" Blog da Horta Biológica: How To Make Hydrosol with an Alembic

How To Make Hydrosol with an Alembic

Hydrosols are delicate floral waters and, in addition to their aroma, they contain the medicinal properties of the plants. In our post How to Make Hydrosol | Floral Water we explained what hydrosols are and how to make them at home, in a simple way using not much more than a pot. In this post we will show you how to make hydrosol using an alembic, which allows for a more efficient distillation and a higher yield.

At the end of the post you can also watch our educational video where we show you how to do it step by step. If you already make hydrosols at home and want to know how to preserve them, please visit our post How To Preserve Hydrosols and Prolong Their Shelf Life.




The alembic we used for this post and video is a small 10L alembic that does not have a column for steam distillation, so the plants were placed inside the boiler in contact with the water to do a hydro-distillation.

The plant we chose was lavender (Lavandula stoechas), but you can use other plants you are interested in. 



The Alembic


For those who want to start using the alembic, here are the names of its components:




How To Make It


All flowers, stems and leaves can be used. However, because most of the aromatic molecules are found in the flowers of this plant, and because our alembic is small, we have used only the flowers.

The stems and leaves can be used, for example, to make natural incense.


Here’s how we make our lavender hydrosol.

  1. We place the flowers inside the boiler and take note of the weight of the flowers.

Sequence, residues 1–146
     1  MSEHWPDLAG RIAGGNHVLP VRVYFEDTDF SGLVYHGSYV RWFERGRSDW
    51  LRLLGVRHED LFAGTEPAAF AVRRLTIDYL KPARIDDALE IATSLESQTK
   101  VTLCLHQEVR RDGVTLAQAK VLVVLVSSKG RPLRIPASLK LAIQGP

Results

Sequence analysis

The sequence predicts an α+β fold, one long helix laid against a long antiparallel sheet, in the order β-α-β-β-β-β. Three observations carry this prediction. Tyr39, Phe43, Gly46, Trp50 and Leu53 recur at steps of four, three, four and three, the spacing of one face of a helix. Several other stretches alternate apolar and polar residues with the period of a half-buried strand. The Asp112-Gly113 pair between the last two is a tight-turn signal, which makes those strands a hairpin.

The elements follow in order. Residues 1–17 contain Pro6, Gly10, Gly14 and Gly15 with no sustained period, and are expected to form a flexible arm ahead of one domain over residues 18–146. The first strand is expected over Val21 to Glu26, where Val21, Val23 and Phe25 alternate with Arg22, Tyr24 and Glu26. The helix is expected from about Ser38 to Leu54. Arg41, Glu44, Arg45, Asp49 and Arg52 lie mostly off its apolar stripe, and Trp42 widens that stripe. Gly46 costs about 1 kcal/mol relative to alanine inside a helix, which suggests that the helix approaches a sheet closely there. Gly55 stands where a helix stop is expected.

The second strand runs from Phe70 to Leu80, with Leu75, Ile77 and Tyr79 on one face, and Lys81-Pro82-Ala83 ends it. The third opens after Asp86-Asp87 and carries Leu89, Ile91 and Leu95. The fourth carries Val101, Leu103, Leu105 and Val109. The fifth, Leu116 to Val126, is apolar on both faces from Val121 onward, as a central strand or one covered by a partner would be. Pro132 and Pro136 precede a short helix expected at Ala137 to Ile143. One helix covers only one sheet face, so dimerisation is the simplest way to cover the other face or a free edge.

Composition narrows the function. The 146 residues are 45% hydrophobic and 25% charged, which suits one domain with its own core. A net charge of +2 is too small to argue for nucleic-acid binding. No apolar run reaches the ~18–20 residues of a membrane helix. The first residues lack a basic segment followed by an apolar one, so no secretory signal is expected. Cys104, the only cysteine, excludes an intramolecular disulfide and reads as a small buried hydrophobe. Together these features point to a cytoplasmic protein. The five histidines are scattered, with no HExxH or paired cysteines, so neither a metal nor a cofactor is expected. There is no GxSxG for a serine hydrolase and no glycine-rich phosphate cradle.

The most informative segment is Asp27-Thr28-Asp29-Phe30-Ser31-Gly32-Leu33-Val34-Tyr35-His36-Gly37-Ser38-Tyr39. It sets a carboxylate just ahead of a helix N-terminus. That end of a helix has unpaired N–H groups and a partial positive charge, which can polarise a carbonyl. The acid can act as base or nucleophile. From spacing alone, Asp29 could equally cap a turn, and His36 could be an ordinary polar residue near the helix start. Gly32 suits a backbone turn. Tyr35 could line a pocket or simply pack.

2. Then we put distilled water in, using a ratio of 3 parts of water to 1 part of plant. With the plant and water inside, the boiler is ready to go on the stove.
  3. We cover and join the helmet and condenser tubes. The joints of these tubes can also be sealed with Teflon tape.
  4. We turn on the stove and wait for the water to start boiling.

 


The Distillation Process


This is what happens during the distillation process.

  1. As the water boils, steam will rise, pass through the condenser tube (also known as the gooseneck) and descend to the condenser coil. The condenser is filled with cold water. During the whole process, the water in the condenser is kept cold by circulation through a pump, which can be an aquarium pump. This pump must be placed in a tank where the water can be kept cold. This can be a bucket, bowl or sink. To keep the water cold throughout the process, cold accumulators or ice cubes can be used.
  2. The water comes out from the top of the condenser, goes to the pump tank and is pumped back to the condenser. It is advisable that this pipe has a flow regulating valve, so that the water slowly flows back in from the bottom of the condenser.
  3. The cold water will condense the vapors that are inside the coil, and the hydrosol will start coming out.
  4. The floral water must come out into a jar, preferably made of glass. This jar must have a funnel and a coffee filter to prevent plant residues from getting into the hydrosol.
  5. After about 1h30 we turn off the stove and wait until no more hydrosol comes out.
  6. Then we wait for the alembic to cool down, remove the plant and rinse the alembic  with alcohol. The alembic must be kept very clean and dry until the next use.

 

When doing all this process it is important to record some data such as the weight of the plant and the final yield of the hydrosol. In this process we used 337g of plant and obtained about 700ml of hydrosol.

To learn how to store the hydrosol correctly so that it lasts for a long period of time, read our post How to Store Hydrosols and Prolong Their Shelf Life.


For a better understanding, here’s our video where we show this process step by step. If you like our videos and haven't subscribed to our YouTube channel yet, take the opportunity to do so if you don't want to miss a thing!


VIDEO: How To Make Hydrosol with an Alembic






 








 




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